Michael Jordan still holds a grudge against Isiah Thomas and the Detroit Pistons and their infamous walk-off in 1991 Eastern Conference Finals. In Last Dance doc., the interviewer shows Jordan footage of Isiah Thomas talking about the walk-off so he could get his feelings on the incident that happened 29 years ago.
MJ’s comments in episode 4 were raw and uncut, “Whatever [Isiah Thomas] says now, you know it wasn’t his true actions then. You know, there’s time enough to think about it, or the reaction of the public that’s changed his perspective. You can show me anything you want. There’s no way you can convince me wasn’t an a**hole.” as said on Last Dance.
Thomas, who found documentary fun and entertaining, had his chance to respond to Jordan on ESPN’s Get Up, “I speak for City of Detroit, Detroit Pistons and myself. In terms of how we felt as champions, we were coming down as Michael Jordan was coming up, and you have certain emotions. I’ve said this many times. Looking back, over the years, had we had the opportunity to do it all over again? I think all of us would make different decisions. Myself personally, I paid a heavy price for that decision. And paying that price, I understood that this is the sports world and everything else but the same time, our emotional state, how we exited the floor, we actually gave the world an opportunity to look at us in a way that we never really try to position ourselves or project ourselves that way.”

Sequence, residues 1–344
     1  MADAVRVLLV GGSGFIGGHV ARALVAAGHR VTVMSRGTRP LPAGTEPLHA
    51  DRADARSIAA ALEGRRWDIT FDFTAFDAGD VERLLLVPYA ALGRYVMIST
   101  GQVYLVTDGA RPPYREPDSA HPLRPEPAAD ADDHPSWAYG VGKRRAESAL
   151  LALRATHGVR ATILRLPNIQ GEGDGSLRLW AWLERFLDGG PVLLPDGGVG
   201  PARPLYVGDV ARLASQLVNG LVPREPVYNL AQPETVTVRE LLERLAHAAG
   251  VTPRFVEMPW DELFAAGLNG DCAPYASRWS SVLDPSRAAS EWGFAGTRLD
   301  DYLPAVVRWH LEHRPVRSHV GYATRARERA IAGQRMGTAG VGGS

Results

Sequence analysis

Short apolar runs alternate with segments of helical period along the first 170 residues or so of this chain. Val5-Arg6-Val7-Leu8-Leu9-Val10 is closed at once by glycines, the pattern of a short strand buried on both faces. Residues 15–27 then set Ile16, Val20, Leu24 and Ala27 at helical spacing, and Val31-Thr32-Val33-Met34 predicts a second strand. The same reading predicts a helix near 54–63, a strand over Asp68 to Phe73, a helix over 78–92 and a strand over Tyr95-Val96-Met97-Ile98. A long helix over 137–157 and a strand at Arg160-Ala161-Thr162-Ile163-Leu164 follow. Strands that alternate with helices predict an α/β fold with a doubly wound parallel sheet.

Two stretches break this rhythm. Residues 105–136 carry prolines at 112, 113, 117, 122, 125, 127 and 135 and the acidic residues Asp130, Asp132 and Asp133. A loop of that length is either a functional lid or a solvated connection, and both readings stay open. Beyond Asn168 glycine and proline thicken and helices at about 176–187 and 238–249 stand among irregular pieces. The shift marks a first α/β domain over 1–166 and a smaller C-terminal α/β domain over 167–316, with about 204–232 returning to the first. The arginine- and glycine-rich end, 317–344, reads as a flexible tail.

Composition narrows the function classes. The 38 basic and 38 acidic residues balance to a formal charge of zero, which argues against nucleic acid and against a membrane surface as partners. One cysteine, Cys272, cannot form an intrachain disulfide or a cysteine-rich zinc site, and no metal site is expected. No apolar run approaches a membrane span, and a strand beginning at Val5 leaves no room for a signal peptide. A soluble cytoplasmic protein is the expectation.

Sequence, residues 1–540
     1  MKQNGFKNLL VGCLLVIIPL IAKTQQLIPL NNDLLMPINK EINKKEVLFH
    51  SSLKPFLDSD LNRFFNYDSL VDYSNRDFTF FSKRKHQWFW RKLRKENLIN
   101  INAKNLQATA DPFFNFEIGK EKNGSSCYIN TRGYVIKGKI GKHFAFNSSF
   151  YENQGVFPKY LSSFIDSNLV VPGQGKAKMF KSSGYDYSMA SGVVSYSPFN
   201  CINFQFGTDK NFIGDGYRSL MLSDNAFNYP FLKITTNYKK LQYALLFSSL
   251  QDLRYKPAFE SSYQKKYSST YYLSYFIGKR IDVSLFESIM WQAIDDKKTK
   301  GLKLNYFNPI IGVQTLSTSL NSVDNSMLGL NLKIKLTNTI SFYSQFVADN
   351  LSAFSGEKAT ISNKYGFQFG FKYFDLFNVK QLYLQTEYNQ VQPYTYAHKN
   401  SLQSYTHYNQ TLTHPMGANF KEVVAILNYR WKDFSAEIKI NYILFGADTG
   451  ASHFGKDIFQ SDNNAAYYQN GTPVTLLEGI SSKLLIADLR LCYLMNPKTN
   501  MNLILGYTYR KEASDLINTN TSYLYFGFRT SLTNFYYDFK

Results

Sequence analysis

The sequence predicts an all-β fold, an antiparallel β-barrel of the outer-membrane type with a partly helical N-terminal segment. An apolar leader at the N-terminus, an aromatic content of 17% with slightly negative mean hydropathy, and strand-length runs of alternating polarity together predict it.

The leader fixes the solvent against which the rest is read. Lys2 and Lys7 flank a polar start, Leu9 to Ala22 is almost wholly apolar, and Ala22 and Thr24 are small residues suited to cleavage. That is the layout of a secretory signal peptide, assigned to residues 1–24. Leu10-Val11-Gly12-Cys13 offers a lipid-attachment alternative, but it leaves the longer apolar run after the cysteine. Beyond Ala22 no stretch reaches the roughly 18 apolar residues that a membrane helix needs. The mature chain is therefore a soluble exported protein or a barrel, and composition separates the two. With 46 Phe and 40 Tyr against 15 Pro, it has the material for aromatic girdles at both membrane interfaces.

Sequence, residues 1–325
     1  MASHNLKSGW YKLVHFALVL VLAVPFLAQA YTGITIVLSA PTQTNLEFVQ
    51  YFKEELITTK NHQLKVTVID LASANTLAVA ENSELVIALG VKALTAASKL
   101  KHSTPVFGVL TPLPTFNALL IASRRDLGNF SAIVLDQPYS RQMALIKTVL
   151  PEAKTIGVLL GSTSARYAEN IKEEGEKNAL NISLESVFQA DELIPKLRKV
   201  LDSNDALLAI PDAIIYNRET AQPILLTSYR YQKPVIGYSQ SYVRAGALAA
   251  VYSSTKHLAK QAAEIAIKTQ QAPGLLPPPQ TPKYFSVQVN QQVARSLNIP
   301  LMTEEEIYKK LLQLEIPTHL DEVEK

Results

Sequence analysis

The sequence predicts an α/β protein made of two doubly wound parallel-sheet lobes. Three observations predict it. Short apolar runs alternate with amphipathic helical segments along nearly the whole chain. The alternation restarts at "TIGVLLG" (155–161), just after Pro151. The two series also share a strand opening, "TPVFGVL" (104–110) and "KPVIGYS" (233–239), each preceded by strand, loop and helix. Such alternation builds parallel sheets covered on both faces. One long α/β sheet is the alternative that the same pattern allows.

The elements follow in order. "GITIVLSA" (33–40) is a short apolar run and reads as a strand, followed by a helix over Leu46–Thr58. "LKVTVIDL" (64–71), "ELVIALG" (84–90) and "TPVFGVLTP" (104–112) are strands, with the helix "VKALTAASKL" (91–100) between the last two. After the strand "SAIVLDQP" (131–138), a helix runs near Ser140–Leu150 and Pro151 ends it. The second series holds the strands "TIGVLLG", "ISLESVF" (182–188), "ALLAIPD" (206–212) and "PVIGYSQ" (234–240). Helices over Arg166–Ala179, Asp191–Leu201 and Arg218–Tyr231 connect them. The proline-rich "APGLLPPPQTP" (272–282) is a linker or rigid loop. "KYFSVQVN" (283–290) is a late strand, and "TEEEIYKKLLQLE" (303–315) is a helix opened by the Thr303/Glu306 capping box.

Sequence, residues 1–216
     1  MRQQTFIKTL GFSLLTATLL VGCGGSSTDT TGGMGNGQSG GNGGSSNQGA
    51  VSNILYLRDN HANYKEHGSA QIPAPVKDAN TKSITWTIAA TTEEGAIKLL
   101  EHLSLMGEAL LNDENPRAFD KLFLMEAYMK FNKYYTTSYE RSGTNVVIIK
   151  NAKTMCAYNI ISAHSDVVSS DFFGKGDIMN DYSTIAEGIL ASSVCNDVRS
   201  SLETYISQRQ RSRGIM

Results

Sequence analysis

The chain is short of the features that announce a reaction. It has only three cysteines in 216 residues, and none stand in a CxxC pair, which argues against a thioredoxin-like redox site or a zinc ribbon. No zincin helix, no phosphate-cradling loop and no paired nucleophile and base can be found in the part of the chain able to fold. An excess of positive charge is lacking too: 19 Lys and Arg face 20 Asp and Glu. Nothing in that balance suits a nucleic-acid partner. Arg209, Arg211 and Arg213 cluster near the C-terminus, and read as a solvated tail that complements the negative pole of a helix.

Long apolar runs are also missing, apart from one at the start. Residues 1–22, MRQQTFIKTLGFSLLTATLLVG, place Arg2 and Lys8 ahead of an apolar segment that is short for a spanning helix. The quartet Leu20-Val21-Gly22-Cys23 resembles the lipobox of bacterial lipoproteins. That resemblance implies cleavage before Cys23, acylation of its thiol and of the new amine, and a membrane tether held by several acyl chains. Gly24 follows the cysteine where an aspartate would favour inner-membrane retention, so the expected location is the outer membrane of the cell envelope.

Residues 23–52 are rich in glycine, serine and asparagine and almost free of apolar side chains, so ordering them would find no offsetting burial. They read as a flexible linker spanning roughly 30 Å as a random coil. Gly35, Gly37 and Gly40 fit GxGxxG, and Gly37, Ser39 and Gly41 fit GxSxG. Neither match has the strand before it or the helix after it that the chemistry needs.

Zeke said the incident was unfortunate but also admitted that Pistons were thrived to be in the image of “Bad Boys.” They loved being hated and getting disrespected as a motivational tool. When Isiah Thomas came into the NBA scene, Magic and the Lakers, 76ers and Dr. J and Celtics and Bird were the champions. The ’80s were all Philly, LA, Boston, and lately Detroit. Bad Boys had the chance to three-peat, which other three franchises never able to accomplished or even a four-peat if Isiah was not injured his ankle in 1988. Zeke talked about the stress of trying to make the three-peat in 1991 caused the incident, “It was disappointing at that time to lose Chicago Bulls. I remember when Boston exited the floor in 1988, we’re celebrating in the locker room and everything else, for us, it was OK when Boston exited. It was OK when Larry Bird exited. We never looked back and said, ‘Oh, they were poor sports. They were champions.’ We were actually grateful for the lessons that they taught us along the way in terms of how to win, how to be disciplined enough to compete every single night. That what we learn from Philly, LA, and Boston.”